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Davis Journal

Davis organization revives 100-year-old art form

Sep 01, 2023 08:40AM ● By Braden Nelsen
Two students play along with a 100-year-old film at a recent Silent Film Celebration. Courtesy Photo

Two students play along with a 100-year-old film at a recent Silent Film Celebration. Courtesy Photo

CENTERVILLE—Movies have certainly come a long way in the past 100 years. From the jerky, cobbled-together films of the turn of the century, to the “talkies” which rose to prominence in the late 1920s, to modern cinema, a lot has changed with new innovations. With that change, certain elements have been lost, but that’s something Heather Smith and her organization have dedicated themselves to preserving.

The Silent Film Celebration started out very small as a part of music lessons that Smith had been teaching in Centerville, “I wanted an opportunity for all students and abilities (to perform),” said Smith. In looking for this opportunity, she had heard of a colleague who had put on a performance based on classic silent movies.

In the days before synchronized sound was popular or easy in motion pictures, often, live music would accompany movies, and would be played either by a pianist, an organist, or a small combination of musicians on a small stage. These films would sometimes even be followed or preceded by a live vaudeville act, also accompanied by those same musicians.

Now, thanks to organizations like Smith’s, these films, and their live scores, are being revived, “It brings the history back,” said Smith, “it’s a lot more interactive (than modern films).” The Silent Film Celebration, which is now in its fifth year, has been doing a lot to keep the memory of these classic movies alive.

When asked to raise their hands if they’d ever seen a silent film, most audiences don’t, said Smith, “The majority of audiences have never even seen a silent film.” While many of these movies are available online, there really is no better way to see them than in person with live music as intended. And the Davis County audiences seem to agree.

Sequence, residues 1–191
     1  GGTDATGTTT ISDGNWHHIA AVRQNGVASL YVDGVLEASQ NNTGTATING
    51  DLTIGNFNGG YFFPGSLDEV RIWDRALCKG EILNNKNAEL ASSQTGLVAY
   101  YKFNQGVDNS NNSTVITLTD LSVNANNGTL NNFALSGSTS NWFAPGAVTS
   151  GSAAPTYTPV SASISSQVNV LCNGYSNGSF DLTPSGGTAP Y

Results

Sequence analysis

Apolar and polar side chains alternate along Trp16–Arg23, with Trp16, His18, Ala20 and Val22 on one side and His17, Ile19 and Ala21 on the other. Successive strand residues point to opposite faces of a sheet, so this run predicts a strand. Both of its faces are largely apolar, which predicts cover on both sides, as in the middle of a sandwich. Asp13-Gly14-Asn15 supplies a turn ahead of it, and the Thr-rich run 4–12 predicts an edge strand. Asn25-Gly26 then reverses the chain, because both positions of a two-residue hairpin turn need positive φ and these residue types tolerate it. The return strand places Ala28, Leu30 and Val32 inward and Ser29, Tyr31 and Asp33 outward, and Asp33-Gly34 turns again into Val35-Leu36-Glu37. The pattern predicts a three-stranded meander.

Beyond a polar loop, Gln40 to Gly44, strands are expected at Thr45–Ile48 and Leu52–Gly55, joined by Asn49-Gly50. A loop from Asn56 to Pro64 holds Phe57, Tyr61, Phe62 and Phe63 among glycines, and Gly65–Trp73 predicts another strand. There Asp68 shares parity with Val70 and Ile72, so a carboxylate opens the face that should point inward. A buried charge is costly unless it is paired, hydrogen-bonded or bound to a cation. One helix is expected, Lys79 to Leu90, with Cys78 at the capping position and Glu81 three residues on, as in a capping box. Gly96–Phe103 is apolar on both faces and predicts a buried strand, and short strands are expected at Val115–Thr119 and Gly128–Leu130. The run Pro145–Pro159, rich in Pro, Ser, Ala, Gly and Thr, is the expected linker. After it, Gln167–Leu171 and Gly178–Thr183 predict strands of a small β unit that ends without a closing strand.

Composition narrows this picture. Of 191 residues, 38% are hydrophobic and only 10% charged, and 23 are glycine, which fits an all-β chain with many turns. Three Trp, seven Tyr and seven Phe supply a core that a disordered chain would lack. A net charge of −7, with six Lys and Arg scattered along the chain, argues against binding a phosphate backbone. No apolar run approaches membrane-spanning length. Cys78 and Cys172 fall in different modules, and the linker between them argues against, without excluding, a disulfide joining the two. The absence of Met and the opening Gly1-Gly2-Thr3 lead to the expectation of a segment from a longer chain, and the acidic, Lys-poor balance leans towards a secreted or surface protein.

The Silent Film Celebration started out in the Bountiful Davis Art Center, but soon outgrew the facilities there, and has since been hosted in the Megaplex Movie Theater in Centerville, which is where audiences can expect to see it this September. As opposed to many events which suffered during the pandemic, Smith said that their event actually benefited because of it.

Hollywood wasn’t making many new movies said Smith, and people still needed entertainment, which brought them out to see silent movies, “It meant so much to us when we did that,” said Smith. Observing CDC regulations, individuals and families still came and supported the event, and helped it not only survive but grow to where it is today. 

It has grown so much, in fact, that it’s no longer only students that underscore the films. Smith shared that in addition to music students, audiences will also be able to hear community favorite Blaine L. Gale, the organist of Edison Street Events, as well as the Bountiful Philharmonia. It’s bound to be an event that movie-goers won’t soon forget.

Seeing classics like Buster Keaton, Charlie Chaplin, Laurel and Hardy along with many others will be an experience over 100 years in the making, and Smith recommends going to several, and “Mak(ing) a day of it. Come and experience an art form that is now very well known now.” 

The next Silent Film Celebration will be at the Megaplex Theatres at Legacy Crossing in Centerville, Sept. 15 through 16. Specific showtimes and tickets can be found at